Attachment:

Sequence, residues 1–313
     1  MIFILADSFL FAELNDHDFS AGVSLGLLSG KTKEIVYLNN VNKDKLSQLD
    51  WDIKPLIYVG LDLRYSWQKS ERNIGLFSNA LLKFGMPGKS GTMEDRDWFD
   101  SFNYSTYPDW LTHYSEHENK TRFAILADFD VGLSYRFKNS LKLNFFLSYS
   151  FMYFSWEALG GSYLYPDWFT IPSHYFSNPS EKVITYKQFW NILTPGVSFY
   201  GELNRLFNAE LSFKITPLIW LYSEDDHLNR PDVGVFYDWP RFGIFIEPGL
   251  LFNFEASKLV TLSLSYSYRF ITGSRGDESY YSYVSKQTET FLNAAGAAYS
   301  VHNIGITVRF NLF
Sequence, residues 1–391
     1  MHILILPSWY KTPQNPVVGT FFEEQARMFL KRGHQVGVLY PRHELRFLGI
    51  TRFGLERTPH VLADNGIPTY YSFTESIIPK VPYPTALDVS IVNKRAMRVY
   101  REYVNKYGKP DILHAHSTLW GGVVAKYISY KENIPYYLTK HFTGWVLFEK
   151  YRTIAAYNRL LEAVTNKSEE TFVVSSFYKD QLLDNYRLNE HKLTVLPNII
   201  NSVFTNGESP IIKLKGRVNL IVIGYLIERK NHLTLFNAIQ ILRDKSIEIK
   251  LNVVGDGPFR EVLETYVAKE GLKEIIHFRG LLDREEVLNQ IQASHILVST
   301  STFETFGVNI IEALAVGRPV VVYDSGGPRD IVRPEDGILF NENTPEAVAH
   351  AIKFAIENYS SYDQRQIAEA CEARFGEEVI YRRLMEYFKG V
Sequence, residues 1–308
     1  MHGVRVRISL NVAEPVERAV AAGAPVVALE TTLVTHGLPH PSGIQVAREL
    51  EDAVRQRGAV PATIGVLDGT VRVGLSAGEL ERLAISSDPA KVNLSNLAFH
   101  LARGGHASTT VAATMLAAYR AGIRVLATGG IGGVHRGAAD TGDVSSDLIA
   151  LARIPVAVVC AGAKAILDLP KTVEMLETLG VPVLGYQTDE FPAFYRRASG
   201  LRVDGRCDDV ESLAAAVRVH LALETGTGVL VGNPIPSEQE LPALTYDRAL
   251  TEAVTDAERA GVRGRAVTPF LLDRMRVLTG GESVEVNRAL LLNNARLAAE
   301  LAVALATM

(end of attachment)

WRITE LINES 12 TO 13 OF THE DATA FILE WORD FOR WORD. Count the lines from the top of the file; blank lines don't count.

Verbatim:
   101  REYVNKYGKP DILHAHSTLW GGVVAKYISY KENIPYYLTK HFTGWVLFEK
   151  YRTIAAYNRL LEAVTNKSEE TFVVSSFYKD QLLDNYRLNE HKLTVLPNII